Good morning on this first day of summer! Our reading for this Friday, June 21, 2019 is Ephesians 2:11–21.
11 Therefore, remember that formerly you who are Gentiles by birth and called “uncircumcised” by those who call themselves “the circumcision” (that done in the body by the hands of men)— 12 remember that at that time you were separate from Christ, excluded from citizenship in Israel and foreigners to the covenants of the promise, without hope and without God in the world. 13 But now in Christ Jesus you who once were far away have been brought near through the blood of Christ. 14 For he himself is our peace, who has made the two one and has destroyed the barrier, the dividing wall of hostility, 15 by abolishing in his flesh the law with its commandments and regulations. His purpose was to create in himself one new man out of the two, thus making peace, 16 and in this one body to reconcile both of them to God through the cross, by which he put to death their hostility. 17 He came and preached peace to you who were far away and peace to those who were near. 18 For through him we both have access to the Father by one Spirit. 19 Consequently, you are no longer foreigners and aliens, but fellow citizens with God’s people and members of God’s household, 20 built on the foundation of the apostles and prophets, with Christ Jesus himself as the chief cornerstone. 21 In him the whole building is joined together and rises to become a holy temple in the Lord.NIV
Today’s passage is all about belonging. We too often think in terms of who is in and who is left out. The people who are the subject of the Apostle Paul’s concern are known as Gentiles, here identified as the “uncircumcised” compared to the Jews who are known by as the circumcised. The Gentiles are all those who are not Jews. They could become “God-fearers” who left the worship of any number of gods to be followed in the various cultures of the Roman world for the sole worship of the One God worshipped by the Jews.
What attracted them to Judaism and pulled them away from these other religions? The Jews did not actively recruit Gentiles just as much as most churches does not actively reach out to non-churched people. This is to our shame for this is our proclaimed purpose to make disciples. I think subconsciously most Christians in the pews of our churches view discipleship as a higher stage of spiritual life and so those who are more deeply committed and active attempt to encourage others more nominally involved to “step up” in their commitment. We deal with those who come to us rather than going to others whether inside or outside the church with the message of discipleship.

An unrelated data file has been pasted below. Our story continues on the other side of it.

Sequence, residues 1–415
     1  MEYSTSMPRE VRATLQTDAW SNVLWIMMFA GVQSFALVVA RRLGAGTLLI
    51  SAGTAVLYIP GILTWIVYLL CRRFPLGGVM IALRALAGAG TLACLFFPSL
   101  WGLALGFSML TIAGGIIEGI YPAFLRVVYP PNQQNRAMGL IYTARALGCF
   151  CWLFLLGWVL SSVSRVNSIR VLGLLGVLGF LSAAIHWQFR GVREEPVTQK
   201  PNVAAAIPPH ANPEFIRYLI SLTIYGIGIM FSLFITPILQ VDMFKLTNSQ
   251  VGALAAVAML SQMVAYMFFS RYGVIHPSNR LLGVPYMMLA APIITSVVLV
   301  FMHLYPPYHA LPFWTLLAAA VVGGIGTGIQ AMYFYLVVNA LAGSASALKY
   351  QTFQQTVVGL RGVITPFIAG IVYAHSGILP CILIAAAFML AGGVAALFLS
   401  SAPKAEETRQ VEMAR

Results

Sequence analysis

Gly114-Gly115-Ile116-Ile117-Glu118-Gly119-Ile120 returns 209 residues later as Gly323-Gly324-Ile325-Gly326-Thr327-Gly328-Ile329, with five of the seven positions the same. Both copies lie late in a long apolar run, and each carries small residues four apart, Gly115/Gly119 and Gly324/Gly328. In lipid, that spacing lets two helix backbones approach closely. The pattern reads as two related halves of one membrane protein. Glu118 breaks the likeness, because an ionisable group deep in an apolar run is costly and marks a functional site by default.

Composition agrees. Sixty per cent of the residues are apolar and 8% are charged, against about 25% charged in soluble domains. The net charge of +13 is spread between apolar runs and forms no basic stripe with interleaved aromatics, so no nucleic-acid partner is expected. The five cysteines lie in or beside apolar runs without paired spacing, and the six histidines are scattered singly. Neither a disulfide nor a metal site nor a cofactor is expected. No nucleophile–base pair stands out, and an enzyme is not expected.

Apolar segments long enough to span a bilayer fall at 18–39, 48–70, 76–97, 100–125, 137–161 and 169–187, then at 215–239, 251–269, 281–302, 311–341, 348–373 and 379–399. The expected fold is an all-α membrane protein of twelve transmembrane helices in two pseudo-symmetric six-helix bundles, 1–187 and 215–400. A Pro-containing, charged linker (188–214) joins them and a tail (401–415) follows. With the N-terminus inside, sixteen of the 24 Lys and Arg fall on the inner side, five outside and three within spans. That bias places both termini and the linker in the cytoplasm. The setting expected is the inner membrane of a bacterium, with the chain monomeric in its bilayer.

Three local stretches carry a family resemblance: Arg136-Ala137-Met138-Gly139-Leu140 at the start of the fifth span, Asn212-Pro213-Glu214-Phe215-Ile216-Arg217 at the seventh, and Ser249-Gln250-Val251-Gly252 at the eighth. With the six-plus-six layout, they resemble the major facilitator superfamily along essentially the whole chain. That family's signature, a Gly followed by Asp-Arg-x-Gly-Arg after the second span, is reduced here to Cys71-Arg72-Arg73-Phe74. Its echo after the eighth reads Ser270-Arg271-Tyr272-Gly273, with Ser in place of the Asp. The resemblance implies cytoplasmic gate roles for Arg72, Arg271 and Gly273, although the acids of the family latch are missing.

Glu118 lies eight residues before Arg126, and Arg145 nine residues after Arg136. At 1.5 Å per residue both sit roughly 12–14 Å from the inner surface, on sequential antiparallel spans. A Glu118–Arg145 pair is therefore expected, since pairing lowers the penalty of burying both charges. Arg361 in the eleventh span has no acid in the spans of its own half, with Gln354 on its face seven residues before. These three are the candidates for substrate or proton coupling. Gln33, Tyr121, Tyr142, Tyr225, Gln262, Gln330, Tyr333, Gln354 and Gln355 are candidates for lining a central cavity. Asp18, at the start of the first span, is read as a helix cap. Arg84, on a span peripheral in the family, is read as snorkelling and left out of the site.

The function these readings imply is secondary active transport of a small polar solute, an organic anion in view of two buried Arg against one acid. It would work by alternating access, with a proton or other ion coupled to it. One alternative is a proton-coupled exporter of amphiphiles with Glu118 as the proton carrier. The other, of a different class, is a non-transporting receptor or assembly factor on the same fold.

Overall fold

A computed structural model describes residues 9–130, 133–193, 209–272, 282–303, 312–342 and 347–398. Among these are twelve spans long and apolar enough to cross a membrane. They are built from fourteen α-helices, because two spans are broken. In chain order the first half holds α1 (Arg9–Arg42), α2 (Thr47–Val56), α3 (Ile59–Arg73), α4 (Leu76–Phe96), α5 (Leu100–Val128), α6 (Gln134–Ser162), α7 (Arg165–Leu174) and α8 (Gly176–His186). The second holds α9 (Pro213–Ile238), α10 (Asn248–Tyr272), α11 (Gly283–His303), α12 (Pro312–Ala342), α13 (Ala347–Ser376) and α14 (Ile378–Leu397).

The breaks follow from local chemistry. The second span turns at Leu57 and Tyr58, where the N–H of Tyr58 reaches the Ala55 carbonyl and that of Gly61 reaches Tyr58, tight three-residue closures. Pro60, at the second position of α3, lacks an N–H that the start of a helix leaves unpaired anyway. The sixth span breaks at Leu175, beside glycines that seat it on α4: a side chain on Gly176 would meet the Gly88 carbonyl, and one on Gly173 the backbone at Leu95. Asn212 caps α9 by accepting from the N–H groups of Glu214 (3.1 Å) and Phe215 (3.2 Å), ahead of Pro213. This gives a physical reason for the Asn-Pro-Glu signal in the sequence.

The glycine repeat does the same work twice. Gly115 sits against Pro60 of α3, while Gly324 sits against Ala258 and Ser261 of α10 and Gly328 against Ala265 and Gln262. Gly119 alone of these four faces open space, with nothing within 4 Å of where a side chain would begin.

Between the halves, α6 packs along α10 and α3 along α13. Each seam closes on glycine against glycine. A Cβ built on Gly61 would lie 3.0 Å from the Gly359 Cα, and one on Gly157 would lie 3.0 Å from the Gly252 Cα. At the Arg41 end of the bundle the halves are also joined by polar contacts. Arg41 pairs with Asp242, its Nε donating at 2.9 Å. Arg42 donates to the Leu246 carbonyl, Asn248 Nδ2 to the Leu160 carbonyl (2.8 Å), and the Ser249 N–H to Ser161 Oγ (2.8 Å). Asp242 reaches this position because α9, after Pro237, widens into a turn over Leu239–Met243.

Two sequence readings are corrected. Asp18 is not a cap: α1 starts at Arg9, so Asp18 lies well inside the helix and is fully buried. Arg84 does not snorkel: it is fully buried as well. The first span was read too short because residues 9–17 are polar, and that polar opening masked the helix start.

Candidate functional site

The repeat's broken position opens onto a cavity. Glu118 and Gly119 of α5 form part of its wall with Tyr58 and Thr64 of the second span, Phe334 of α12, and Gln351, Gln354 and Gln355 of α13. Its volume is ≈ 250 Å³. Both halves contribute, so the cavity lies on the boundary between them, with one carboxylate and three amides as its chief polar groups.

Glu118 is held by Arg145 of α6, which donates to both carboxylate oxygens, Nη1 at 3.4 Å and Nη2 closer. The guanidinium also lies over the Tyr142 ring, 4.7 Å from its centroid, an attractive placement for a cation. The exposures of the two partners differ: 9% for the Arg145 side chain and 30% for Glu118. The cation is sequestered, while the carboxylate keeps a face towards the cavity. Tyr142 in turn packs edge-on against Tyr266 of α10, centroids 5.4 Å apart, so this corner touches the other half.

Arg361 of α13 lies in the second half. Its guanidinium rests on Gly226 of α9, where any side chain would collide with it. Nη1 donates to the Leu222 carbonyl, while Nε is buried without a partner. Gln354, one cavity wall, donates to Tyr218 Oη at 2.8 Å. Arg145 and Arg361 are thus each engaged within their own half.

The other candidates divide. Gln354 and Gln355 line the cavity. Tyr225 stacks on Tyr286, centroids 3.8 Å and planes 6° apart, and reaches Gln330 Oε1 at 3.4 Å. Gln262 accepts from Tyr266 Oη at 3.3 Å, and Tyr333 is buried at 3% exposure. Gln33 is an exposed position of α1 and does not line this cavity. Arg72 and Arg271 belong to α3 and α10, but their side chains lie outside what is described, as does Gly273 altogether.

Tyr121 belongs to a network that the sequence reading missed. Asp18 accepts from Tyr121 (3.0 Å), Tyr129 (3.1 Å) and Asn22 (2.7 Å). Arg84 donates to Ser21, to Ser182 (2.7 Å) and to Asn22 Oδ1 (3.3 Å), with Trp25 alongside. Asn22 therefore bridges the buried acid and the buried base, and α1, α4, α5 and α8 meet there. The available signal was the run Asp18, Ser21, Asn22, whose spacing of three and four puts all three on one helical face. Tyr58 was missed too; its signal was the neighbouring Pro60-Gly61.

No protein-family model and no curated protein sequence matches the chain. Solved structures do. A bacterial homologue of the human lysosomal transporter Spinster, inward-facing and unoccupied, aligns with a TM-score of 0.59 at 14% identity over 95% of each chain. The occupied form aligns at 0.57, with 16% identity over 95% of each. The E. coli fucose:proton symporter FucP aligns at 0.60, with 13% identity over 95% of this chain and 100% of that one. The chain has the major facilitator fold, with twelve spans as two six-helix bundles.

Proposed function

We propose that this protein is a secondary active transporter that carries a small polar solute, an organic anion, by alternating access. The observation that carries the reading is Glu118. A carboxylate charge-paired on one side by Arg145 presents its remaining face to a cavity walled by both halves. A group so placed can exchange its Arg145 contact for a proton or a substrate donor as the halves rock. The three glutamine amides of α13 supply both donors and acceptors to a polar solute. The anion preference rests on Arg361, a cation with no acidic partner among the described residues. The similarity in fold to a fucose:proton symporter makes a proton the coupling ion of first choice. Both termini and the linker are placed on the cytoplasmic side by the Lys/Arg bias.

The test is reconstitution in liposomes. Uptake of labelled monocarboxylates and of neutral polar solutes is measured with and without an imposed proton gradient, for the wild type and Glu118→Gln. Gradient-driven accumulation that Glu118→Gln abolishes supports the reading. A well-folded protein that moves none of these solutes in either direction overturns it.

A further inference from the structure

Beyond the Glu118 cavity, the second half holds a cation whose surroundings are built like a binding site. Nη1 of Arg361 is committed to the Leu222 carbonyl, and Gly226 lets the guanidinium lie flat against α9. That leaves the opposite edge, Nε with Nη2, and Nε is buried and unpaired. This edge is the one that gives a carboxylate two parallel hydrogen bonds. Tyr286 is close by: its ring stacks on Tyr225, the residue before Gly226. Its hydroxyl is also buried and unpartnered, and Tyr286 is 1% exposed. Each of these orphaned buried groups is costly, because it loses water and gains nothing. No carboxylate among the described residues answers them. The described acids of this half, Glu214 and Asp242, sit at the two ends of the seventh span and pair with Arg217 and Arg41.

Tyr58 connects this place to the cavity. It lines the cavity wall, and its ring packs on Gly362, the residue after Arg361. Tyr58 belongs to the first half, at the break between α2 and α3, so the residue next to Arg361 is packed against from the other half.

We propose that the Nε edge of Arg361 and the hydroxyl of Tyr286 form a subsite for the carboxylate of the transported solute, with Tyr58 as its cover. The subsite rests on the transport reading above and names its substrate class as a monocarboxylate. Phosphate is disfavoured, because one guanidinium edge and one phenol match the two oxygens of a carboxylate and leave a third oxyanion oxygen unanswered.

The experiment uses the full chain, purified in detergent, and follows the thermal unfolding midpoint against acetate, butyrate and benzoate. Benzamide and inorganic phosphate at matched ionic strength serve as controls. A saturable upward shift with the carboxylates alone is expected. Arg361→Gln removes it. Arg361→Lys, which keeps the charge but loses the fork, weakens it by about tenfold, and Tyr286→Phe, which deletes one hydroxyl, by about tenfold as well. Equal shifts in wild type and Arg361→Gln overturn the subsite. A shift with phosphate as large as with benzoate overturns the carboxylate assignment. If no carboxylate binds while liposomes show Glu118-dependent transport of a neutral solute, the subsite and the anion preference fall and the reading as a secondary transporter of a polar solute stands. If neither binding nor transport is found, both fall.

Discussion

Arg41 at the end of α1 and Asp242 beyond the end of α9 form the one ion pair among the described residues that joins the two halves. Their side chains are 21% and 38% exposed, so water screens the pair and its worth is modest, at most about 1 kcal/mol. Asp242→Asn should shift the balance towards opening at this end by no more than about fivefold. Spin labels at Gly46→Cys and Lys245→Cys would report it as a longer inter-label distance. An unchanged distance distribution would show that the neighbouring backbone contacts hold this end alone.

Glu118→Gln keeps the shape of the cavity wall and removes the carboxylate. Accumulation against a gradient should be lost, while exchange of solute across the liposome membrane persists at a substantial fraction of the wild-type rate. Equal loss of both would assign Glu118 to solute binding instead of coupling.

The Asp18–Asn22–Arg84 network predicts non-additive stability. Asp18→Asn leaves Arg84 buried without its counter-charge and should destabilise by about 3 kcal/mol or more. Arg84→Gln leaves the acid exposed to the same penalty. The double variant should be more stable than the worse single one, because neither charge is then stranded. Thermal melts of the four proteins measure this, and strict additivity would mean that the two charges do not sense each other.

The Gentiles Paul was addressing were those who came to follow the Jewish faith were outsiders who kind of came into the fold, but they could become insiders. Today churches talk about how friendly they are yet when outsiders start attending they are never really accepted or find ready access to becoming insiders. So the church does not grow in numbers because we “put obstacles” (as Jesus accused the Pharisees of doing) in the way for inclusion or neglect the neighbors we have in close proximity to us but who stay away.
The question is what attracted these non-Jews to the Jewish faith? I believe the apostle identifies the cause when he states they were formerly before faith “without hope and without God in the world.” The pursuit of all the gods of this world, whether they be in secular values or diverse philosophies and other religions, have left these seekers to dead ends that did not satisfy their spiritual hunger. St. Augustine of the 4th century wrote that our heart lack peace until we find our rest in God. The natural pursuit for God and the truth draws some while the majority is lost in their futile pursuit for meaning and purpose.
Some are drawn to faith in Christ due to the dissatisfaction they find in other options or because the Holy Spirit has used the witness of Christ’s disciples and the church to peek interest in Jesus. Well this is well and good it is also to our shame that when these seekers come into the church they find they are not readily accepted. Certainly there is a need for spiritual growth and relationship building through mentoring and Christian education, but no matter their stage in the journey of faith they need to be considered family members.
What the institutionalized faith of Judaism failed to do these God Fearers found ready acceptance in the new branch of Jewish faith which followed Jesus. This is one reason for the church’s rapid expansion in the first century after Pentecost. My point is that for the church to grow in our day and time its members must be wholly and solely committed to Jesus. This means being actively invested in growing in faith and service. Naturally this priority will exclude greater participation in activities and pleasures that are not necessarily wrong but which distract us from growing.
Those committed to Christ accept as their calling to relate to and invite their neighbors to relationship and fellowship with God’s people. Once they come they mentor and receive the less experienced as members of the church and endeavor to enlist them with reaching out to other neighbors with the truth and of Christ and intimate companionship with him and the family of God. The apostle was reminding the church of Ephesus of where they came from and what they were called to be and do. May we live up to this aspiration and encourage our churches to do the same.
Blessings! Dr. Brian Homan